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Veterans Court

Veterans Treatment Courts in California

Among the millions of military veterans who have served in wartime environments over the past two decades, particularly in Iraq and Afghanistan, a great many are suffering from diagnosable mental health conditions like PTSD, traumatic brain injuries, and others.

Left untreated, disorders frequently trigger behavior that can result in criminal charges, causing many military veterans to enter the vicious cycle and revolving door of the criminal justice system—this, after all the trauma they have already faced.

Veterans Treatment Courts in California
Veterans who get arrested might be eligible for needed treatment rather than serving jail time.

But here in California, a unique judicial approach is making a significant difference in the lives of military veterans facing criminal charges.

This initiative, known as Veterans Treatment Courts (VTCs), offers a supportive path to recovery for veterans grappling with PTSD, addiction, and other disorders related to their service. The Veterans Court is often a lifeline for struggling veterans.

It's an intensive rehabilitation program that allows some former military members who are facing criminal charges to avoid jail time and a criminal record. To be considered, you will need to be eligible for probation and suffering from addiction or a mental illness, such as post-traumatic stress disorder (PTSD).

Veterans Treatment Court is an alternative sentencing program. You might be eligible if you are a veteran struggling with mental illness and facing criminal charges. Under California Penal Code 1170.9 PC, this program provides veterans treatment such as rehab and counseling instead of incarceration.

Depending on the case, if you successfully finish Veterans Court, your charges will be reduced or dismissed. Notably, the Veterans Court is different from Penal Code 1001.80 PC Military Diversion.

If you are a military veteran currently facing criminal charges, you may be eligible to have your case transferred to a VTC, where treatment options may provide you with an alternative to jail time.

What Are Veterans Treatment Courts?

Veterans Treatment Courts are specialized court programs designed to handle cases involving veteran offenders through comprehensive supervision, treatment, and support.

What Are Veterans Treatment Courts?
Veterans Treatment Courts specialize in helping offenders through treatment and supervision.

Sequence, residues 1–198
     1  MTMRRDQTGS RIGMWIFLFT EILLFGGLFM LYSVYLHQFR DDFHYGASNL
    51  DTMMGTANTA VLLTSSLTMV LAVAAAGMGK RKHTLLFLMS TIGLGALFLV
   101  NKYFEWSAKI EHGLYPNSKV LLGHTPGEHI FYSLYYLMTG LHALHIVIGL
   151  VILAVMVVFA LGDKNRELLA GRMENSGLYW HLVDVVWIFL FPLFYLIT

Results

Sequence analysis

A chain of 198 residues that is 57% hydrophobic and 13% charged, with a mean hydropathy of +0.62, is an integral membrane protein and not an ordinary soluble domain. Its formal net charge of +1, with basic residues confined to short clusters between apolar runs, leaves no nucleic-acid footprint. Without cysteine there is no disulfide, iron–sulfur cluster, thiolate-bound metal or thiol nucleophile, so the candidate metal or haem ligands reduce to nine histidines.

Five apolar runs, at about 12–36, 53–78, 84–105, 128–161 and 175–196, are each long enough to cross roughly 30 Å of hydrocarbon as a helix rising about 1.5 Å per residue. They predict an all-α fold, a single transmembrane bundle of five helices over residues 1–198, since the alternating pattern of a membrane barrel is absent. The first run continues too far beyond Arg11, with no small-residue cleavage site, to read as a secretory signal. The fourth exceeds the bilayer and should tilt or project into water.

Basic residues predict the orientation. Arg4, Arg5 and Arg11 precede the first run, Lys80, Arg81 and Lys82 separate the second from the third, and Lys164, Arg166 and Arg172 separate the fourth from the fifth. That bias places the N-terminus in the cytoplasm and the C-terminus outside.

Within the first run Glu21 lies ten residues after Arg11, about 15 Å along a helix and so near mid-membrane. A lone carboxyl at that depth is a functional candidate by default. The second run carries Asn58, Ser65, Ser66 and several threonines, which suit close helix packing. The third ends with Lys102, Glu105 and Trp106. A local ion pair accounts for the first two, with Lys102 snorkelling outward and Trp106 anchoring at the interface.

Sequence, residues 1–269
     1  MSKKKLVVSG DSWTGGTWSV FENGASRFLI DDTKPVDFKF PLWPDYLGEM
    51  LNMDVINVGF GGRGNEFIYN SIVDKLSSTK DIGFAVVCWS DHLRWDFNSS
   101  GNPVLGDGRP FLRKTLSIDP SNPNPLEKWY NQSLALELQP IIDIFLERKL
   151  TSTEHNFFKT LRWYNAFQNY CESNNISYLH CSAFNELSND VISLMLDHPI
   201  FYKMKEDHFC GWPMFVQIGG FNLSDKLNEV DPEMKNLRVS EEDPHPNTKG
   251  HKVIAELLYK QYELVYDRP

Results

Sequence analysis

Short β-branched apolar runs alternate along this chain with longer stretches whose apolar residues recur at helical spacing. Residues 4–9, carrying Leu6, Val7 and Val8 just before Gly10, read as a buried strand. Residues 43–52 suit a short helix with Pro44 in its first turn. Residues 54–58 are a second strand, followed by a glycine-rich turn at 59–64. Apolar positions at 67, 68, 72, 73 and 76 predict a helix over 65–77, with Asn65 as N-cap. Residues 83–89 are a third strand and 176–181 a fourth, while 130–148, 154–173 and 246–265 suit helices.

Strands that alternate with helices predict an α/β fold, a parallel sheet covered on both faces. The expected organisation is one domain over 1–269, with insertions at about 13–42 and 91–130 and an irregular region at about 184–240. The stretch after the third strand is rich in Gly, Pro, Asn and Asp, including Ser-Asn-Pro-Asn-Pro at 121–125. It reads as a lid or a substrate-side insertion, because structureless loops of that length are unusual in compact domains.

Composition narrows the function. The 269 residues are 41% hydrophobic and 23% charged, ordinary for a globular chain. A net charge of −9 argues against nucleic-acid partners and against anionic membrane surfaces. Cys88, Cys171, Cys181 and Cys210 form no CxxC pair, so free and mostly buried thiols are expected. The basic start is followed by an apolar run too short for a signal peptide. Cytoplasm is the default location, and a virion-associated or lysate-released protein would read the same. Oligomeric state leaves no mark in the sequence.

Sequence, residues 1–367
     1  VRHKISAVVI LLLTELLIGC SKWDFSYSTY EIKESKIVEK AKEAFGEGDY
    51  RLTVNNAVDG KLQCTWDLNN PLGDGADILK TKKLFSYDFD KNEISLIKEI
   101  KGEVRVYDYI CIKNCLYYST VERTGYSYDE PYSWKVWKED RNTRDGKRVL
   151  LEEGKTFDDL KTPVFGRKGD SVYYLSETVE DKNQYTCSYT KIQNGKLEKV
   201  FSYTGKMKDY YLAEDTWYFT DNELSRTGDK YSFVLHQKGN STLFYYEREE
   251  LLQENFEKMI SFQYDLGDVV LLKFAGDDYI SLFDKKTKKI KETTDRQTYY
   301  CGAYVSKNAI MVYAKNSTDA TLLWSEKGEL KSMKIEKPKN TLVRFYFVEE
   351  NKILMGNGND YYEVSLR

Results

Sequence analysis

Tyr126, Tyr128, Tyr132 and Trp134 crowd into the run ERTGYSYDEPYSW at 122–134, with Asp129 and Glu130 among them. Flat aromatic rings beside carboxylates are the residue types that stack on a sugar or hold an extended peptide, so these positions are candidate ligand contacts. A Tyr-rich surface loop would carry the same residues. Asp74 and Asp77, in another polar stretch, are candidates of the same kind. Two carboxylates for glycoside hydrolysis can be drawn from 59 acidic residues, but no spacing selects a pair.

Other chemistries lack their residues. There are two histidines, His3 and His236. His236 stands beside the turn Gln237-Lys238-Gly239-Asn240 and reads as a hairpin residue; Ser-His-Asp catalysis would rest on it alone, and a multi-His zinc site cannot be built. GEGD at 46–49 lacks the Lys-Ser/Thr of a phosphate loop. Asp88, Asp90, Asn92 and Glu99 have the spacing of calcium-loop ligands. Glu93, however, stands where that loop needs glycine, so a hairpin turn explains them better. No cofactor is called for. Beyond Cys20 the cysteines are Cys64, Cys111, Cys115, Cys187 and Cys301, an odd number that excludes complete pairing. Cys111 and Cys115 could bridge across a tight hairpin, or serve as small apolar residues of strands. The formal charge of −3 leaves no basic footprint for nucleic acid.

Instead of operating within the traditional court system, these courts function on a separate track, offering treatment plans tailored to address veterans' specific needs.

California currently has 33 Veterans Treatment Courts spread across 29 counties. Additionally, over 20 courts throughout the state offer authorization for Veterans' Treatment Programs, spanning across 100 locations statewide.

The foundation of the VTC lies in understanding and acknowledging the unique experiences that veterans have been through. These courts recognize that the trauma associated with military service can often lead to legal issues.

The focus of VTCs is not on punishment but on treatment and rehabilitation. They aim to help veterans reintegrate into society while addressing the root causes of their behavior.

As noted, under Penal Code 1170.9 PC, this program provides specific veteran treatment, such as rehabilitation and counseling, rather than incarceration. Depending on the case, you may be able to accomplish the following:

  • Avoid prison time;
  • Get an early termination of probation;
  • Get a felony charge reduced to a misdemeanor; or
  • Get a criminal charge completely dismissed.

How the VTC Program Works

Veterans Treatment Court is effectively a diversionary program by which eligible veteran defendants can avoid jail time by completing the program requirements—and, in many cases, can even have their criminal records sealed upon completion.

This rehabilitative approach helps the veteran avoid jail time and a criminal record and disrupts the cycle, making it far less likely for them to commit repeat offenses.

Each program is tailored to the veteran's specific needs based on the root cause of their issues. Participation in a VTC program generally lasts 15-18 months and may include any/all of the following requirements:

  • Psychological and substance abuse evaluations;
  • Court-approved, comprehensive treatment plans;